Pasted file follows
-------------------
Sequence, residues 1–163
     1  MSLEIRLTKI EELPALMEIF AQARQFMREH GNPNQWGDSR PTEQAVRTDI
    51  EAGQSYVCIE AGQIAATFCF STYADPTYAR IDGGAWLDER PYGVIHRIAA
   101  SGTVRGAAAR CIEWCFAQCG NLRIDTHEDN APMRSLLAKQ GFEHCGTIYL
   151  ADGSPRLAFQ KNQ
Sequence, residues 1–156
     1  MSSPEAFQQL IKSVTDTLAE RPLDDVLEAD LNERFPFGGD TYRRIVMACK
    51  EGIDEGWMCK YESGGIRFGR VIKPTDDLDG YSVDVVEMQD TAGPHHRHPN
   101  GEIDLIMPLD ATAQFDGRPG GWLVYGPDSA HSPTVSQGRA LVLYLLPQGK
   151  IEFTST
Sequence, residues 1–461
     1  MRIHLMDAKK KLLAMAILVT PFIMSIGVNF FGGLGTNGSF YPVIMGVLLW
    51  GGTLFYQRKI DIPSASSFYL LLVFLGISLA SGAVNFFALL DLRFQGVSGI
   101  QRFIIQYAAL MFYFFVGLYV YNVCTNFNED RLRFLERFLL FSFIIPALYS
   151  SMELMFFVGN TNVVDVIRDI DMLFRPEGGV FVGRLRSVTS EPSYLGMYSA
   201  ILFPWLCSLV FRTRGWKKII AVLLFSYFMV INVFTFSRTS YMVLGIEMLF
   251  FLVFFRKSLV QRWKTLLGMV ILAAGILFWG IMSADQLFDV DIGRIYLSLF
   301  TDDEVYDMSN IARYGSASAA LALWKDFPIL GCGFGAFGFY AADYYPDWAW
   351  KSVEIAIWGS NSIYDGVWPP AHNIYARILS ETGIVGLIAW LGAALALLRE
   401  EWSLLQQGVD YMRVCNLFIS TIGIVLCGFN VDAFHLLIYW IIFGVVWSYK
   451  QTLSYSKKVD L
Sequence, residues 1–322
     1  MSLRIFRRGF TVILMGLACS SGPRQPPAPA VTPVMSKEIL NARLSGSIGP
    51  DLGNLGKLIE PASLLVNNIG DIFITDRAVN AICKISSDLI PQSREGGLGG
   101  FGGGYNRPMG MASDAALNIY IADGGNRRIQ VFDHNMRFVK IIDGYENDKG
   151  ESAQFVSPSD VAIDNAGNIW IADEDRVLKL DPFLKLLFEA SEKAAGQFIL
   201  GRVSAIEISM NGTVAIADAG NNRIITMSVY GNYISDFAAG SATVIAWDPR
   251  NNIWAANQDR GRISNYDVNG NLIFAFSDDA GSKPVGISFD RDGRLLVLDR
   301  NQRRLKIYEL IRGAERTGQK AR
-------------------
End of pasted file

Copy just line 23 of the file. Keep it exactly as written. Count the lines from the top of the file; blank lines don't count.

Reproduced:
     1  MSLRIFRRGF TVILMGLACS SGPRQPPAPA VTPVMSKEIL NARLSGSIGP